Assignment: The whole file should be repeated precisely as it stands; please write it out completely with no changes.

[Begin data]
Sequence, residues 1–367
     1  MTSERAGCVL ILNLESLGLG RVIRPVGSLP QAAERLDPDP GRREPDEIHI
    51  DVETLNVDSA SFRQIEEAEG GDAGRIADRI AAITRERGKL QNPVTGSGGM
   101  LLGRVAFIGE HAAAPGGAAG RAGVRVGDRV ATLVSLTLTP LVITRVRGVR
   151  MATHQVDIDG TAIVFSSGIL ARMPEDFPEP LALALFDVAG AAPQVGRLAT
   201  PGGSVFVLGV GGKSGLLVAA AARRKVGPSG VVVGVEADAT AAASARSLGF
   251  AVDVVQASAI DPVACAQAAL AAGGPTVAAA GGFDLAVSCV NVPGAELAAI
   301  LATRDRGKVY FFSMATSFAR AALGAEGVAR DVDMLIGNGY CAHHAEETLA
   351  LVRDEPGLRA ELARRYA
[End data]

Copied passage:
Sequence, residues 1–367
     1  MTSERAGCVL ILNLESLGLG RVIRPVGSLP QAAERLDPDP GRREPDEIHI
    51  DVETLNVDSA SFRQIEEAEG GDAGRIADRI AAITRERGKL QNPVTGSGGM
   101  LLGRVAFIGE HAAAPGGAAG RAGVRVGDRV ATLVSLTLTP LVITRVRGVR
   151  MATHQVDIDG TAIVFSSGIL ARMPEDFPEP LALALFDVAG AAPQVGRLAT
   201  PGGSVFVLGV GGKSGLLVAA AARRKVGPSG VVVGVEADAT AAASARSLGF
   251  AVDVVQASAI DPVACAQAAL AAGGPTVAAA GGFDLAVSCV NVPGAELAAI
   301  LATRDRGKVY FFSMATSFAR AALGAEGVAR DVDMLIGNGY CAHHAEETLA
   351  LVRDEPGLRA ELARRYA